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Fine Art/Walter Launt Palmer


Dear Mr. Hynes
My wife and I have an original walter launt palmer winter stream scene.  We are interested in its value, and above a certain amount are interested in selling it.  Some of the galleries we have contacted to find out about its value have offered to buy it from us.  The painting is in its original frame and we believe it to be as valuable as some that have been auctioned at the large auction houses.  Our question is what is the best way of selling a piece of art like this.  Do you recommend Sotheby's or Christie's or where should we go with a piece like this?  Thank you very much for your time.  We have no idea what we are doing.

Dear Tony, You say you have no idea what you are doing, but at least you are being careful. The value of your painting depends upon various aspects: size; condition; media (gouache or oil painting); of course authenticity; quality (how it compares to other works by the artist); date (an early or late work by the artist), provenance (history of ownership); exhibitions; frame (is it original and what quality); etc.
How important is the time aspect to you ? The major auctions of American art are in the Spring and in the Fall. Usually the auctions are a good way to get a fair price, but there is cost and risk. In a way the auction is like the stock market, crisis in weather, politics, war, etc. can kill a sale. You have the cost of packing and shipping, seller's premium can be anywhere from 15% to 25%, catalogue fees, photography fee, insurance fee. If your sale is successful you are usually paid in 30 days, can be longer if buyers money is not received by auction house.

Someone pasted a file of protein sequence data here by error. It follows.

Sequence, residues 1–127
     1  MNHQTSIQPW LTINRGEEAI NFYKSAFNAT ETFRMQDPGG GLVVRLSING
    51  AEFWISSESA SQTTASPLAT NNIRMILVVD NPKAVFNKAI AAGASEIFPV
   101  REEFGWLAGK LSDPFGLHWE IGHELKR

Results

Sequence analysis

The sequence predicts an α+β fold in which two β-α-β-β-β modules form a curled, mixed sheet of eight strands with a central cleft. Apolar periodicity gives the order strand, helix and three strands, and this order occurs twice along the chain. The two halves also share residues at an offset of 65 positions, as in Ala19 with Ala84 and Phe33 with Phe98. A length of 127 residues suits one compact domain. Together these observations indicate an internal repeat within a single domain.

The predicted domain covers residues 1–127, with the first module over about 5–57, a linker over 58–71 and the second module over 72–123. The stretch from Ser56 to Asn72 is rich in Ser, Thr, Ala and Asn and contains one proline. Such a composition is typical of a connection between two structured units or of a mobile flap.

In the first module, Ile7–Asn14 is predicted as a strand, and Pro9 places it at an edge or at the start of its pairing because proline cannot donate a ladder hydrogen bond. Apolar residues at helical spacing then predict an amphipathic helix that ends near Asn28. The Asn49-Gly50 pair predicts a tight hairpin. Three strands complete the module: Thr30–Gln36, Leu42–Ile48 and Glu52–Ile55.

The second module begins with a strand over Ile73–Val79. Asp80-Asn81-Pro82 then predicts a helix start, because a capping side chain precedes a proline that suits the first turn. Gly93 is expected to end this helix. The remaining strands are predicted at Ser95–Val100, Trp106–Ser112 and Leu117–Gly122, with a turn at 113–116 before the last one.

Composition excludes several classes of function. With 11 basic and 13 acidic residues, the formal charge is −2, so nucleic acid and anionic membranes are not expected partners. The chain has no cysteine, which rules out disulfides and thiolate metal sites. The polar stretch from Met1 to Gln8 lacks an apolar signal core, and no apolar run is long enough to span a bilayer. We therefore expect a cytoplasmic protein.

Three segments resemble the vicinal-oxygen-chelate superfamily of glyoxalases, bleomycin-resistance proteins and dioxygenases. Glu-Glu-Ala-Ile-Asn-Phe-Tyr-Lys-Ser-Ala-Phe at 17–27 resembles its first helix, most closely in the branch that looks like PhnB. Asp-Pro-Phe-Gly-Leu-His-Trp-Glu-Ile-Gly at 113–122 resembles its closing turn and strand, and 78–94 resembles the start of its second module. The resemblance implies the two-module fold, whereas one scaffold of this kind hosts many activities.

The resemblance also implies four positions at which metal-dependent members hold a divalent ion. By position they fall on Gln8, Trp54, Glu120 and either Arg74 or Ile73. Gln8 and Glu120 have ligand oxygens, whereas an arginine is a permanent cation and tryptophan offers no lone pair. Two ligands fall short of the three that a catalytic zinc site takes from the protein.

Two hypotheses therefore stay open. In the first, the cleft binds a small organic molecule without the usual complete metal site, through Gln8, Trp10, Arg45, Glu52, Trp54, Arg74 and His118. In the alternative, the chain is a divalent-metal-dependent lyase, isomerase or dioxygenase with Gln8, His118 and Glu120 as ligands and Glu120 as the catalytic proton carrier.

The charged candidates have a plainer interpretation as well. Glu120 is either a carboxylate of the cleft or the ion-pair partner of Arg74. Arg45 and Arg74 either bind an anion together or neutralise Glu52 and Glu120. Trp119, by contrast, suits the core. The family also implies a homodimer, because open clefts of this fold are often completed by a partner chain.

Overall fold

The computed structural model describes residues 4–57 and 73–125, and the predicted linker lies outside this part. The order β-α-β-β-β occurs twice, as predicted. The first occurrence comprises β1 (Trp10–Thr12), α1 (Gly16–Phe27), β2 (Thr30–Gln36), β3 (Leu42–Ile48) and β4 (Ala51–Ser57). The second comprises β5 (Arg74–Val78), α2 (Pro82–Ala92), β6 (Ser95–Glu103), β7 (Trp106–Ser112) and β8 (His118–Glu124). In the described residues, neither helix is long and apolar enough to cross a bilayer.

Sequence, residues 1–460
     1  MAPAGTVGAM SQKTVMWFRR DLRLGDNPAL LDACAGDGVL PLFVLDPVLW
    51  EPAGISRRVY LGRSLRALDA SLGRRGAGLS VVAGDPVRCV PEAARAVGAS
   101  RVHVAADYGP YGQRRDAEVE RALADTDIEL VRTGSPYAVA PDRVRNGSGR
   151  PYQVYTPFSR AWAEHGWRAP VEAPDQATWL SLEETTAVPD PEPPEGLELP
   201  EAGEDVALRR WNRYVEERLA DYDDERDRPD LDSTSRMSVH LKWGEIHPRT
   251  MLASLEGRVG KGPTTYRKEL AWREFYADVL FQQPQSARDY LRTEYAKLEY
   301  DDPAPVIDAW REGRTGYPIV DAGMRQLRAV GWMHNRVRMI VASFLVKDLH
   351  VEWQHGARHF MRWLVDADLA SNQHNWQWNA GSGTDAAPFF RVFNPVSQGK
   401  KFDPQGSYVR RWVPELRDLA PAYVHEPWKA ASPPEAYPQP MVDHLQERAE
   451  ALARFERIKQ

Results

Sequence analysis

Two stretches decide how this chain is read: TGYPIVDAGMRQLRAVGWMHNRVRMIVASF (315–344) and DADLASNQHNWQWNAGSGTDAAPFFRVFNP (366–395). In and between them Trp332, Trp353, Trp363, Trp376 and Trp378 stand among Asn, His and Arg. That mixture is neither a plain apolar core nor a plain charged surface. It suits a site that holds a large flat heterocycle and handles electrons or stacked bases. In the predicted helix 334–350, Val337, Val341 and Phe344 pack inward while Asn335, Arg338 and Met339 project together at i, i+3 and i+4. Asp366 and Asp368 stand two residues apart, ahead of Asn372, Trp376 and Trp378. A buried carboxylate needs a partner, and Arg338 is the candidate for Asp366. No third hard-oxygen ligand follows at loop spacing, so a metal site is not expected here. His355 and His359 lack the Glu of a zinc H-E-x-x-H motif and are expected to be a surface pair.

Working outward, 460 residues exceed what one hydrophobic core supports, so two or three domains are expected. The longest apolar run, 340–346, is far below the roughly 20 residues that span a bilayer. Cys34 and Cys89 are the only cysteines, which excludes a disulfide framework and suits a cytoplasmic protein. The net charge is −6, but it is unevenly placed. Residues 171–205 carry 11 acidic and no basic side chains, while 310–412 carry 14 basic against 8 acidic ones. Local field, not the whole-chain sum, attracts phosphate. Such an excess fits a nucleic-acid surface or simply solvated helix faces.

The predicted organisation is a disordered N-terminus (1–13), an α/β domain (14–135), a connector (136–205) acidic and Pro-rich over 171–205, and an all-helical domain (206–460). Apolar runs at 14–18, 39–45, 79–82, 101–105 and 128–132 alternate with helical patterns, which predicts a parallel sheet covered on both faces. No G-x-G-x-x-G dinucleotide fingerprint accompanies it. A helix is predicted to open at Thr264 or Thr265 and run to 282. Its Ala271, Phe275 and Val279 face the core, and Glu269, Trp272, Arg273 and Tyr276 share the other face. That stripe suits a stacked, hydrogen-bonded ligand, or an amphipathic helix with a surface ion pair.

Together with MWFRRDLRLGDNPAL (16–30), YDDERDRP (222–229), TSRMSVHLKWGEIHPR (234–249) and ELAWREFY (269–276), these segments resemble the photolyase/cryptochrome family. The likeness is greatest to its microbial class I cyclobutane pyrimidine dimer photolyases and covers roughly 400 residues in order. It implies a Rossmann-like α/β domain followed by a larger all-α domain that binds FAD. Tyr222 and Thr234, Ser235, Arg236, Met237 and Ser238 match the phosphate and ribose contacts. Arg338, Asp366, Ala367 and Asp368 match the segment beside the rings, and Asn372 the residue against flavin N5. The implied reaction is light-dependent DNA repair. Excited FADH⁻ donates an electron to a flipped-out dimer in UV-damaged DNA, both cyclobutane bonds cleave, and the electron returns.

If you would want to sell it in a short time without the expenses, a dealer will pay a fair price. But you need to know the range of the value of your painting, and the reputation of the dealer.
If you think you would want to sell to a dealer you can send me images and info from my standard instructions below, and I can also tell you of dealers I have done business with for 25-30 years.
If you would like to send jpeg images to me please keep each image of a reasonable size (not too large), and send them as “attachments”, do not imbed them in your email. If you are looking for identification or opinion regarding your painting best would be an image of the front (just the painting, don’t include your lovely living room or pick-up truck), the back, and close-ups of the signature, details of the brush-work, and any inscriptions or labels (use the macro setting on your camera for these close-ups). You can send this information to my email at and make your subject line “allexperts” so I do not bounce you as spam. It would be nice to receive feedback as I do this on my own time with no remuneration, free, no charge, nada. I do not research prints or artwork post-1940.

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Daniel A. Hynes


Collecting, buying, selling, identifying, and caring for paintings, drawings,and watercolors (19th and early 20th century American and European). No prints, contemporary art, or works executed after 1940.


35 years as a fine art dealer, including 3 years as a gallery director. Also was art expert for Leslie Hindman's Auctioneers, and for Dunning's Auction.

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